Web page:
They further note that hiding the names of those actually responsible will make the Congressional investigation into what happened much more difficult. Second, the information was provided initially without any expectation that this info would be kept private, so to ask for it to be kept private now makes little sense. In fact, they note that most of the people named, who the government and MIT wish to redact, were likely potential witnesses had the trial been able to move forward. “Consequently, MIT and JSTOR cannot now claim any reliance interest on behalf of their employees in the continued privacy of their emails at the time they produced the emails at issue to the government.” They further point out that most of the names in question are already public and highlight press accounts and previous releases of documents in the case that specifically name: “MIT employees Dave Newman, Paul Acosta, Ellen Duranceau, Ann Wolpert, Mike Halsall, and Mark Sillis and JSTOR employee Brian Larsen, identifies their positions, and quotes their email communications.” Given that this is already public, it seems odd to further seek to redact their participation.

The argument in the other direction is that the attention this case has received means that names of such folks might lead to threats, but Swartz’s lawyer says there has been no evidence presented of any threats to MIT or JSTOR employees — and even if there was, that wouldn’t necessitate blocking out info on all such employees.

Separately, his lawyers point out that redacting law enforcement officials names makes even less sense, given that they are public employees.

Days after this motion was filed, MIT “responded” by agreeing to release the documents itself… but with those same redactions requested by the DOJ. MIT President Reif has tried to spin this as being “in the spirit of openness, balanced with responsibility.” Of course, that doesn’t make much sense. The DOJ has already agreed that this same level of information should be released, so MIT isn’t doing anything here other than making it appear — falsely — as if it is making some concession towards openness. On top of that, MIT has said it will not release this info until its overall investigation is over.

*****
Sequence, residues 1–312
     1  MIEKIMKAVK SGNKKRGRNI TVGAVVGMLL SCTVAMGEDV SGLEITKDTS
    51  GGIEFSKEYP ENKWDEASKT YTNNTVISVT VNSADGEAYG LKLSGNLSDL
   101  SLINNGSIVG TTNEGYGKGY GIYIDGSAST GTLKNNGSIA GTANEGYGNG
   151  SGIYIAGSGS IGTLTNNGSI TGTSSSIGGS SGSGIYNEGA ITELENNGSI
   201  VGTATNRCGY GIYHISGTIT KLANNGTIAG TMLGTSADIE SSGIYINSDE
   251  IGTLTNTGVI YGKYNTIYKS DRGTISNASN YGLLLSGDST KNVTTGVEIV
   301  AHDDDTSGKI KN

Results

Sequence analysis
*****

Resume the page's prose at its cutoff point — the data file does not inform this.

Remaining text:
Not surprisingly, Swartz’s family is not particularly impressed by all of this. In a statement provided to us, Swartz’s girlfriend, Taren Stinebrickner-Kauffman, notes that this is misleading not just because MIT isn’t doing anything new here, but also in that this isn’t MIT’s decision at all.

“I welcome President Reif’s commitment to transparency. However, this announcement is misleading. MIT does not get to decide in what form the evidence is released publicly. The judge does. MIT has already given this evidence to the courts, at which point it gave up proprietary control over the evidence. President Reif’s decision simply foreshadows the inevitability that the judge will release at least this much of the evidence. It sets a low bar, but it does not decide the matter. The redacted documents MIT is releasing only tell one part of the story. Huge amounts of information would still be hidden beneath the protective order — information that MIT’s investigators themselves will not have access to unless the protective order is lifted. If MIT is really committed to transparency and having a full, complete investigation, they need to join the call with Aaron’s lawyers to lift the protective order.”

Similarly, Aaron’s father, Robert Swartz, noted that this is not a concession by MIT, and that MIT already gave up its rights to these documents, so trying to control how they are disseminated makes little sense.

“This is not a change in MIT’s position. MIT could have no expectation of privacy or security since this evidence was given to the government with the understanding that it was evidence in a public trial,” said Robert Swartz, Aaron’s father. “They understood when they gave these documents to the government that they had no rights to privacy or security. MIT should release all internal communications related to this case whether or not they were provided to the government including all internal communications they had related to how they handled it and decided not to ask the government to drop the case.”

Stinebrickner-Kauffman also pointed out that “if MIT wished to protect these people’s privacy, MIT should not have become involved in the criminal trial to begin with. They made a calculated decision not to nip this case in the bud. They don’t get to avoid the consequences now, after Aaron’s death.”

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Comments on “MIT And Aaron Swartz's Lawyers Argue Over Releasing Evidence”

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Jay (profile) says:

One thing is certain...

Hell hath no fury like a woman scorned…

How this has blown up in the face of the government is considerable and having Aaron’s girlfriend/fiancee leading the charge against government overreach is very poignant in a way…